4

votes

Feeling Cold continually on Leptin Reset

Answered on September 12, 2014
Created February 05, 2012 at 8:53 PM

I weigh 190, lost 40 pounds before LR and need to lose 50 more. I have been doing the Leptin reset for 3 weeks faithfully. I am very happy with it except I feel cold all the time, even under lots of blankets at night. Am also taking fish oil, PQQ, vitamin C, and several other vitamins. Any suggestions?

0bc6cbb653cdc5e82400f6da920f11eb

(19245)

on March 08, 2012
at 05:37 PM

Quilt, do you even know what epigenetics means?

Ed71ab1c75c6a9bd217a599db0a3e117

(25482)

on February 07, 2012
at 01:21 PM

Melissa the epigenetic program is hardwired into all of humans for several reasons......one we are all descended from eutherian mammals and two the program has been proven to work by NASA and they use it for the astronauts. There are elite athletes who use it too to increase performance and the Sherpas also constantly use the pathways. These are all modern day humans. Many do not know about it because they do not live in an environment that causes this program to go live and they eat guaranteeing that it won't activate. This is precisely how Michael Phelphs got his edge.

Ed71ab1c75c6a9bd217a599db0a3e117

(25482)

on February 07, 2012
at 03:47 AM

its a sign of epigenetic change for the better.

B6114a1980b1481fb18206064f3f4a4f

(3924)

on February 06, 2012
at 08:42 PM

It makes sense to me if this signifies a temporary metabolism change that will eventually lead to some type of healing of your metabolism (and no longer feeling cold . . .). I've had numerous health problems in my life and unfortunately many of them required discomfort during part of the healing process. As long as you feel like you are healing and your discomfort is normal and part of that healing process, this is not necessarily something to avoid or stop.

B6114a1980b1481fb18206064f3f4a4f

(3924)

on February 06, 2012
at 08:37 PM

Okay, I get why it's good that we feel cold while doing the leptin reset. But why do we feel cold in the first place? Is feeling cold a sign that we are doing the reset correctly and changes are taking place in our metabolism? I really thought I was going crazy until Jo mentioned this.

0bc6cbb653cdc5e82400f6da920f11eb

(19245)

on February 06, 2012
at 07:58 PM

The Quilt weaves his facts into a narrative to explain away whatever he needs to.

B1859f696e88d25460a6b8a333412ea3

(837)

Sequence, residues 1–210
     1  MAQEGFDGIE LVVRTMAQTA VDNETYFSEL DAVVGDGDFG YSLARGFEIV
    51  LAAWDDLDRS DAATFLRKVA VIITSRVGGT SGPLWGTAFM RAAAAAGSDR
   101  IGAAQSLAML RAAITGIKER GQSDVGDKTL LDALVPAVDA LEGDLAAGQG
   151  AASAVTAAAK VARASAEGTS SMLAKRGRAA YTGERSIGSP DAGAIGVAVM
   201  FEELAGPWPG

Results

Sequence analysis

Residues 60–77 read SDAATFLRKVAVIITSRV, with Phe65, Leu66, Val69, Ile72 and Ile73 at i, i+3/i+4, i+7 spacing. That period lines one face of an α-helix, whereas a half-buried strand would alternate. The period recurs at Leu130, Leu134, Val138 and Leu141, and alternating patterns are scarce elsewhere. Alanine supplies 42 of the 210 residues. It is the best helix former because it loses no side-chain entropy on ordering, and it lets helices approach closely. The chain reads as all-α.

on February 06, 2012
at 05:36 PM

I think it's odd, because in Jacks own words - one sign that leptin is "reset" is when: "Changes in energy and sleep: Over 6-12 months, expect your energy to gradually improve. You will feel warmer and exude body heat, but your body temperature will actually be lower. It will continue to trend lower over the next 18-24 months while you thyroid settles into its new biologic groove. Dramatic improvements will be made in your sleep. Both migraines and muscle soreness from exercise will decrease."

9d43f6873107e17ca4d1a5055aa7a2ad

on February 06, 2012
at 03:03 PM

yes, but they have different metabolisms than you or I because of unique genetic adaptations. see the work of William Leonard on the metabolism of Siberians.

Ed71ab1c75c6a9bd217a599db0a3e117

(25482)

on February 06, 2012
at 02:38 PM

you keep believing that cliff because its not true Inuit and emperor penguins do not eat much glucose and they do quite well and are long lived on their natural diets and have excellent thyroid function.

E5c7f14800c5992831f5c70fa746dc5c

(12857)

on February 06, 2012
at 01:43 PM

Cold body temperatures=cold environment? If you don't have enough glucose you won't make t3, you get cold.

C00e493393828df34be65ddc25456c7c

(610)

on February 06, 2012
at 12:07 PM

Very hard to understand what you are saying. We don't known whether OP is in hot or cold climate ATM.

543a65b3004bf5a51974fbdd60d666bb

(4493)

on February 06, 2012
at 03:30 AM

Jo, something else that may be worth knowing (to assist with answers), is your average morning oral body temperature. there are different views on the meaning and/or relevance of body temperature readings. whatever the different views, it would be interesting to know if your actual oral body temp has any correlation to you feeling cold. Just take your under tongue temp on rising in the morning before you eat, drink or clean your teeth

543a65b3004bf5a51974fbdd60d666bb

(4493)

on February 06, 2012
at 03:18 AM

Jo, something else that may be worth knowing (to assist with answers), is you average morning oral body temperature. there are different views on the meaning and relevance of body temperature. anyway it would be interesting to know if your actual oral body temp has any correlation to you feeling cold. Just take your under tongue temp on rising in the morning before you eat, drink or clean your teeth.

B6114a1980b1481fb18206064f3f4a4f

(3924)

on February 06, 2012
at 03:10 AM

I'm with you here!!! I've been doing the Leptin Reset for four weeks and I'm cold all the time. Weird.

543a65b3004bf5a51974fbdd60d666bb

(4493)

on February 06, 2012
at 03:07 AM

Hi Jo, looking at some of the answers, it seems it would be pertinent to know what your local climate is like at the moment (are you currently in Winter or Summer).

Ed71ab1c75c6a9bd217a599db0a3e117

(25482)

on February 06, 2012
at 02:05 AM

see my comment on here why. This is the most over used excuse in the paleo sphere.

0bc6cbb653cdc5e82400f6da920f11eb

(19245)

on February 06, 2012
at 01:47 AM

Why is being cold all the time a good sign?

Ed71ab1c75c6a9bd217a599db0a3e117

(25482)

on February 06, 2012
at 01:38 AM

totally not true in cold environments.

0bc6cbb653cdc5e82400f6da920f11eb

(19245)

on February 06, 2012
at 12:22 AM

Comprehensive and informative answers as ever Quilt.

Ed71ab1c75c6a9bd217a599db0a3e117

(25482)

on February 05, 2012
at 11:24 PM

good sign......cold is what you want.

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4 Answers

5
5e36f73c3f95eb4ea13a009f4936449f

(8280)

on February 05, 2012
at 09:17 PM

You checked your calories? If you're feeling cold, could be your body's not feeling that it's getting enough.